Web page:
Researchers found that increased levels of Th-17 cytokines are associated with interstitial lung disease in patients with systemic sclerosis (SSc). Targeting this group of cytokines may improve lung inflammation and halt the progression of lung fibrosis.
Cytokines are small secreted proteins released by the immune system. They are cell-signaling molecules that have an effect on other cells.
The study, “Th-17 cytokines and interstitial lung involvement in systemic sclerosis,” was published in the Journal of Breath Research.
SSc has two main disease manifestations, the limited and diffuse forms, depending on the extent of the fibrosis. They are also charactized by different forms of pulmonary involvement: While limited SSc is characterized by pulmonary arterial hypertension (PAH), diffuse SSc is associated with interstitial lung disease (ILD).
The mechanisms underlying pulmonary fibrosis remain unknown, but here a team of researchers hypothesized that a particular group of cytokines could be involved.
Researchers looked at cytokines produced by a specific group of immune cells, the Th17 cells, which belong to the larger group of T-helper cells, which are capable of modulating immune system responses. Many cytokines, such as TGF-beta, are important for the formation of Th17 cells, but they are also responsible for fibrosis development in the lungs. Therefore, researchers hypothesized that the process for Th17 formation could play a role in interstitial lung disease in SSc patients.
To test their hypothesis, researchers measured the levels of Th17-related cytokines (IL1-beta, IL-6, IL-17, IL-21, IL-22, IL-23, TGF-beta) in exhaled breath condensate (EBC) and in serum collected from SSc patients and a group of healthy controls. The team also measured the levels of proinflammatory (TNF-alpha) and anti-inflammatory (IL-10) in both groups.
A total of 29 patients with SSc (28 females and one male) were enrolled in the study; the control group included 20 healthy subjects (12 females and eight males). Patients were divided into two subgroups according to the limited (17 patients) or diffuse (12 patients) cutaneous distribution of the disease.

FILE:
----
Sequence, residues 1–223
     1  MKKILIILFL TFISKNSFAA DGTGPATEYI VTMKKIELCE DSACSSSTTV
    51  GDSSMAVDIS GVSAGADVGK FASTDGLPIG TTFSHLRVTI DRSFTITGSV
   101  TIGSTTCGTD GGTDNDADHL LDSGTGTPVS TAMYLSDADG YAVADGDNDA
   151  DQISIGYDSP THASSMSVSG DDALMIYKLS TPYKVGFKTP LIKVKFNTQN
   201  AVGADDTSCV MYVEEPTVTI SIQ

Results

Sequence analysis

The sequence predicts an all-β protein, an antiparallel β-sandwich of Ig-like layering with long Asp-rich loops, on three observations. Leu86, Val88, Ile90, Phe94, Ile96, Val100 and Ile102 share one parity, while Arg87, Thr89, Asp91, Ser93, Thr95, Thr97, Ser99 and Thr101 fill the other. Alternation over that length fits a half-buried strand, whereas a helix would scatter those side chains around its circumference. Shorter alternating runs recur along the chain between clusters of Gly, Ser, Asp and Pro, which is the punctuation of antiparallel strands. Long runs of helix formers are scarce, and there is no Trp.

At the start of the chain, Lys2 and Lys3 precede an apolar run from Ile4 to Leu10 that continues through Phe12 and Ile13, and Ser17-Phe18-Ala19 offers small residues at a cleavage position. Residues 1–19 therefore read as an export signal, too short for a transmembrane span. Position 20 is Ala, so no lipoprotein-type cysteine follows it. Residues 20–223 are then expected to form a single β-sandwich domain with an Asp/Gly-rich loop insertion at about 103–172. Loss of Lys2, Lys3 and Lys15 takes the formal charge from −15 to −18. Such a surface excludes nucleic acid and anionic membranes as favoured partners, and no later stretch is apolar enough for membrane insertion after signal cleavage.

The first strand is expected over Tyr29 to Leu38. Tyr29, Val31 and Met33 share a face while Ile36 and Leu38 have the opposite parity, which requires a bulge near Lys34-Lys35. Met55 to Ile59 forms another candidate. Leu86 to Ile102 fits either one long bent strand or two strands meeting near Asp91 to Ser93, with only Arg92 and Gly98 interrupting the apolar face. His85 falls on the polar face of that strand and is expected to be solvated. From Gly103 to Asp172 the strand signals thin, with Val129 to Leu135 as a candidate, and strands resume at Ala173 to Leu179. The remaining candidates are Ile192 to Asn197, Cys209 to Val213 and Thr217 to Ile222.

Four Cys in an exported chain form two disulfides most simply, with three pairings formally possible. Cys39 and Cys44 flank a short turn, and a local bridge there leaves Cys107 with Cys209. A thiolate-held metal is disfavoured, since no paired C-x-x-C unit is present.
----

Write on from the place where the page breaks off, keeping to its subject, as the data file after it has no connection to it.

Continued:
Researchers found that in both limited and diffuse types of SSc, the EBC levels of all cytokines and the majority of cytokines in serum showed significantly higher levels in patients when compared to controls. When researchers analyzed Th-17 cytokines, they found that EBC levels and serum levels of IL-10 and TNF-alpha were significantly higher in diffuse compared to limited SSc.
Importantly, they observed that the interstitial lung disease score was significantly associated with the EBC levels of IL1-beta and with the serum IL-23, TNF-alpha and IL-10 levels.
Pulmonary function tests, such as lung carbon monoxide diffusing capacity, showed a negative correlation with EBC levels of IL1-beta, IL-17 and serum IL-10.
Overall, these results show a link between higher levels of Th-17 cytokines in EBC and serum of systemic sclerosis patients with interstitial lung involvement.
Targeting these type of cytokines could represent a potential therapeutic strategy for lung fibrosis in these patients.